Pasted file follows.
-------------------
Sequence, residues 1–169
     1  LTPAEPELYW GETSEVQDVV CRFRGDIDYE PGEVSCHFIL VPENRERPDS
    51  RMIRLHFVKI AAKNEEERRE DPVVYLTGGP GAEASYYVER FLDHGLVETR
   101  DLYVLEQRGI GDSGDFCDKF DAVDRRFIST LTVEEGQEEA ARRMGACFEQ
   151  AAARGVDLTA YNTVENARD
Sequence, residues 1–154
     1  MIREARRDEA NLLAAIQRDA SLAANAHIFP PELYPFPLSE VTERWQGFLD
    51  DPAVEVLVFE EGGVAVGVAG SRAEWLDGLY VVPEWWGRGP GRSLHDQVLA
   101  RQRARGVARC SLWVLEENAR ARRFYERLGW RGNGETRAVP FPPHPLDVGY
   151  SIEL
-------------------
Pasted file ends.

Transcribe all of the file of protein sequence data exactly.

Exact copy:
Sequence, residues 1–169
     1  LTPAEPELYW GETSEVQDVV CRFRGDIDYE PGEVSCHFIL VPENRERPDS
    51  RMIRLHFVKI AAKNEEERRE DPVVYLTGGP GAEASYYVER FLDHGLVETR
   101  DLYVLEQRGI GDSGDFCDKF DAVDRRFIST LTVEEGQEEA ARRMGACFEQ
   151  AAARGVDLTA YNTVENARD
Sequence, residues 1–154
     1  MIREARRDEA NLLAAIQRDA SLAANAHIFP PELYPFPLSE VTERWQGFLD
    51  DPAVEVLVFE EGGVAVGVAG SRAEWLDGLY VVPEWWGRGP GRSLHDQVLA
   101  RQRARGVARC SLWVLEENAR ARRFYERLGW RGNGETRAVP FPPHPLDVGY
   151  SIEL